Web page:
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Q. Are all convolution reverb plug-ins created equal?

Q. Are all convolution reverb plug-ins created equal?

I'm looking to get a decent reverb for my Pro Tools rig, and there seems to be lots of choice, and quite a variety of prices — is it just the shipped library of impulse responses that makes the difference, or is there a difference in the software? So far I have looked at Waves' IR1, Audio Ease Altiverb, Wizoo's W2 and Trillium Lane Labs' TL Space.

SOS Forum post

SOS contributor Martin Walker replies: Many musicians must have at some time wondered whether there's any audible difference if you load exactly the same impulse response into several different convolution reverb engines. Well, different reverb plug-ins can sound slightly different, although you might only hear this difference on high-quality monitors in an acoustically treated room.

The price of convolution reverb plug-ins, such as Audio Ease's Altiverb and Wizoo's W2, has a lot to do with the library of IRs they come with.The price of convolution reverb plug-ins, such as Audio Ease's Altiverb and Wizoo's W2, has a lot to do with the library of IRs they come with.Perhaps surprisingly, with some convolution reverb engines you may also hear an audible improvement if you convert the impulse response itself from 24-bit to 32-bit floating point format — all you need to do is load the 24-bit IR into your audio editor, re-save it in 32-bit float format, and then load it into your normal convolution reverb plug-in. This doesn't add any extra resolution to the file, but can ensure that any rounding errors or gain adjustments during the convolution process itself are minimised.

On my PC I can certainly hear an increase in focus and transparency during reverb tails after performing this tweak on the excellent Pure Space IR libraries from Numerical Sound ( when they are replayed through both Voxengo's Pristine Space and Waves' IR1 plug-ins, although your mileage may vary with other plug-ins, as it depends on their internal resolution. Try it with your own plug-in — apart from a 50-percent increase in IR size your processor overhead will be identical, so you've got little to lose.

Nevertheless, these are tiny differences. The price of a convolution reverb plug-in has more to do with its versatility — how many clever controls there are to manipulate the impulse responses to make them as useful as an algorithmic reverb — and, more importantly, its bundled library of IRs.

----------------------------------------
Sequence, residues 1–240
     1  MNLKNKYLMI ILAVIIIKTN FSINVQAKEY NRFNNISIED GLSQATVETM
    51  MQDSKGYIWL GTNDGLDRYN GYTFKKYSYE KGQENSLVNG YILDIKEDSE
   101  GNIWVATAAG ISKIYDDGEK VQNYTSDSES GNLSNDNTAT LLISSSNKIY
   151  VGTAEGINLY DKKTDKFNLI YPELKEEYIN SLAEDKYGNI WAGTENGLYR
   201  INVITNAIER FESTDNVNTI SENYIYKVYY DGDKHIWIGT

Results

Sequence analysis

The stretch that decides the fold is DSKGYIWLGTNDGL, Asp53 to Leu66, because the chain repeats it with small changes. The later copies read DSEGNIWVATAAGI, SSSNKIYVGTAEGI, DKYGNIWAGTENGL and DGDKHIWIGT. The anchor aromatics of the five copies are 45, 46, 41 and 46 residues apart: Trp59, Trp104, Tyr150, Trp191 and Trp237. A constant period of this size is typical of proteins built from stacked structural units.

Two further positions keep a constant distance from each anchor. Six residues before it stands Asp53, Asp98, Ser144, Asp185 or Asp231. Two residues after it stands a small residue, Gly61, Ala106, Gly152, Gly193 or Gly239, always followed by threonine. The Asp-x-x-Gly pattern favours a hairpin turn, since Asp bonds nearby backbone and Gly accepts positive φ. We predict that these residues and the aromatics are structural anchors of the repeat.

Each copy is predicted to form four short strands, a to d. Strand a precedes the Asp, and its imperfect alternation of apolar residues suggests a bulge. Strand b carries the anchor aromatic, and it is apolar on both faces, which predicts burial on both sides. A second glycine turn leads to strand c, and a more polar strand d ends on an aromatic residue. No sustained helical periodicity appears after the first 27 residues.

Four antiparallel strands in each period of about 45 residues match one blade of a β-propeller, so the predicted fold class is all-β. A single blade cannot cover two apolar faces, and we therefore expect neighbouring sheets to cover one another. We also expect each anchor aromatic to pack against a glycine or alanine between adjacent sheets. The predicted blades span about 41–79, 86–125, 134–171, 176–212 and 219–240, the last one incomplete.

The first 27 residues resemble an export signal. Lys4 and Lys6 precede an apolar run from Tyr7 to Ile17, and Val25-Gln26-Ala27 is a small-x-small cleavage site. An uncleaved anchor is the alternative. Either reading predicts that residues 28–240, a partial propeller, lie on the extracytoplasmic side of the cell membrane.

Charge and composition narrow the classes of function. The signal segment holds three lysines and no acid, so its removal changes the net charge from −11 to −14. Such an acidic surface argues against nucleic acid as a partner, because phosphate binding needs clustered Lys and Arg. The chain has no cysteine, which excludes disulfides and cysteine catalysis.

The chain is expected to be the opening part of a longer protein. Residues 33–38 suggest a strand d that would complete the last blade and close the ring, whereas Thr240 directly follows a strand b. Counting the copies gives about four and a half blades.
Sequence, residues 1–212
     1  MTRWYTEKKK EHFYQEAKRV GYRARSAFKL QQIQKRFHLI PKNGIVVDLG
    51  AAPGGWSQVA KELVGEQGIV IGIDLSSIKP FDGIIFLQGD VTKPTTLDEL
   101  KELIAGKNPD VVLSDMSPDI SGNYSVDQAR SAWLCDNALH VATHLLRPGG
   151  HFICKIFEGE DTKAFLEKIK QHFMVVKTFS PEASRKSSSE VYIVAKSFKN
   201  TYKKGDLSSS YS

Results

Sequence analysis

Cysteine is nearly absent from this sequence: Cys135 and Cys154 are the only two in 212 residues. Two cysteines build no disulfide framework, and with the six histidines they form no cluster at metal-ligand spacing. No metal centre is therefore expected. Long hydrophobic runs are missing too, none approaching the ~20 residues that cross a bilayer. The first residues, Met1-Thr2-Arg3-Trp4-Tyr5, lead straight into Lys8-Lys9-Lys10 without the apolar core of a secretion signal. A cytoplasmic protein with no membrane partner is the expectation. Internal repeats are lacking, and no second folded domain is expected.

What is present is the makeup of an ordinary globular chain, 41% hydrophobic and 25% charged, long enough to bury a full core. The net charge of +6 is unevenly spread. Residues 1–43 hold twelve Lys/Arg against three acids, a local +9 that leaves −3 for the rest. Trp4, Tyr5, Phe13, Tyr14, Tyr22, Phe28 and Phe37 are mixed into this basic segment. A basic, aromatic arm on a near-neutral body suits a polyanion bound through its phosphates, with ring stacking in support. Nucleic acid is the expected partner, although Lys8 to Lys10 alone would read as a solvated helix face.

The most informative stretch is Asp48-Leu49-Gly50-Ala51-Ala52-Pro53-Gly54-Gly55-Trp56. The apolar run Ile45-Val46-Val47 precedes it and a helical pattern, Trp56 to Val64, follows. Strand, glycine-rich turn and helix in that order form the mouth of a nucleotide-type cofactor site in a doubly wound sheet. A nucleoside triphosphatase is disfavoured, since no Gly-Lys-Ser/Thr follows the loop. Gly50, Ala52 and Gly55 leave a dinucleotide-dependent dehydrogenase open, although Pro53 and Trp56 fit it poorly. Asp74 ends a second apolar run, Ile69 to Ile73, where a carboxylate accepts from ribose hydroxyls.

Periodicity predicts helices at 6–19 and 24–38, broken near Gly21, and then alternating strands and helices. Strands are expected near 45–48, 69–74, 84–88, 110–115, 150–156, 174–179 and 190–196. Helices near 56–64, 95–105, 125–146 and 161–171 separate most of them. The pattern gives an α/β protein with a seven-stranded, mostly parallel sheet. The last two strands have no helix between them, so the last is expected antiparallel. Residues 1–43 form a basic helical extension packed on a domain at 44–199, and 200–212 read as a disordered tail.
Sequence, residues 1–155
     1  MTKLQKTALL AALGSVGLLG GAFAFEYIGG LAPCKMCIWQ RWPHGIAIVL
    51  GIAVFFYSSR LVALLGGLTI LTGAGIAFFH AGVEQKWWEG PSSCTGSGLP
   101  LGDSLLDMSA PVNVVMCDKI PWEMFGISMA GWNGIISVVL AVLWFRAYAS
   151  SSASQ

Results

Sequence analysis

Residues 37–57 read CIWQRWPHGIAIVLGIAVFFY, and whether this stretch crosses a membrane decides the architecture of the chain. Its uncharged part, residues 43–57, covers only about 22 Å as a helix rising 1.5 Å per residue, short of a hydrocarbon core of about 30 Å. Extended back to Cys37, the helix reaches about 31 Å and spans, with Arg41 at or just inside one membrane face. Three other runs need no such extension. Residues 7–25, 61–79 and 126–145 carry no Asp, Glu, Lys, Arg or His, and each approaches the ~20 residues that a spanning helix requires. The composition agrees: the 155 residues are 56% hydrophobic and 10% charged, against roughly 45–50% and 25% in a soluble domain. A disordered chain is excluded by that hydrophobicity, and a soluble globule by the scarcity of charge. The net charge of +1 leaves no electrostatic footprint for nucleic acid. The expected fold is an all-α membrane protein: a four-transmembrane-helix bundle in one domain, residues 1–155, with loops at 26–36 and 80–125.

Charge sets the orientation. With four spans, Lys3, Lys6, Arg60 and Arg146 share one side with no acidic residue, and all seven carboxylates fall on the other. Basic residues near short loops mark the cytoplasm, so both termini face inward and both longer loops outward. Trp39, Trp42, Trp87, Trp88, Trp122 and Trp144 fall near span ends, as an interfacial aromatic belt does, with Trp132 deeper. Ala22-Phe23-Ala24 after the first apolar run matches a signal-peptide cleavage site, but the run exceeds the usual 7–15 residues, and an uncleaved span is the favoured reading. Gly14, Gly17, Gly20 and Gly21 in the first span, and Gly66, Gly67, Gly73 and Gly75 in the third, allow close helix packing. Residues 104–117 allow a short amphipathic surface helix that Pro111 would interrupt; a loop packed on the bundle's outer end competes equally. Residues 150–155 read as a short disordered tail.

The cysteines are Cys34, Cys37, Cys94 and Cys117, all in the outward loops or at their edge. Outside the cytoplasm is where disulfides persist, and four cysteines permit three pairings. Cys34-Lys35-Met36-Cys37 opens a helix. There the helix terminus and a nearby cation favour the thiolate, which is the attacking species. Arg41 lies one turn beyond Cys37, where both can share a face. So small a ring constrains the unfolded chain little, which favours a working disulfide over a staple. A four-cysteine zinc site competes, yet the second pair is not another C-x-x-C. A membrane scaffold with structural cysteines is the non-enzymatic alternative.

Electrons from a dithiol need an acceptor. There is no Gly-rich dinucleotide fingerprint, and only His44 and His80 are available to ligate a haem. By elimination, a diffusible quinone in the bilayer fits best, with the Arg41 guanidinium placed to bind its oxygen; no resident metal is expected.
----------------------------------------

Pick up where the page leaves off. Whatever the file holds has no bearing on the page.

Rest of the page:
Although creating IRs is certainly not rocket science, and can be done by anyone with a mic, balloon and pin, doing it to professional standards in world-class acoustic spaces is an expensive and time-consuming business, so those convolution reverbs like Altiverb, Waves IR1, and so on that come with a huge library tend to be several hundred pounds more expensive than those that don't. Third-party IR libraries tend to be expensive for the same reason.

Some people may point out that you can download loads of free IRs from various sites on the Net, but although I applaud all the effort that's obviously gone into many of them, and they are certainly a good way to add to your collection, they mostly tend to be 16-bit files, which will restrict the dynamic range of your reverb to 96dB even if your audio tracks have been recorded with 24-bit resolution. Many of the free IRs I've tried have also been truncated, while a few have exhibited hums, or excessive background noise.

Ultimately, as always, you tend to get what you pay for. All four plug-ins you mention have very good reputations, offer plenty of scope for user adjustments, and are bundled with comprehensive IR libraries. However, they all differ slightly in their feature set and scope, so if you can, the very best way to choose is to demo them at a suitable dealer so you can try out different interfaces and get a better feel for the content of the libraries. After all, while some plug-ins are subject to fads and fashions, you'll still be using a good reverb for many years to come.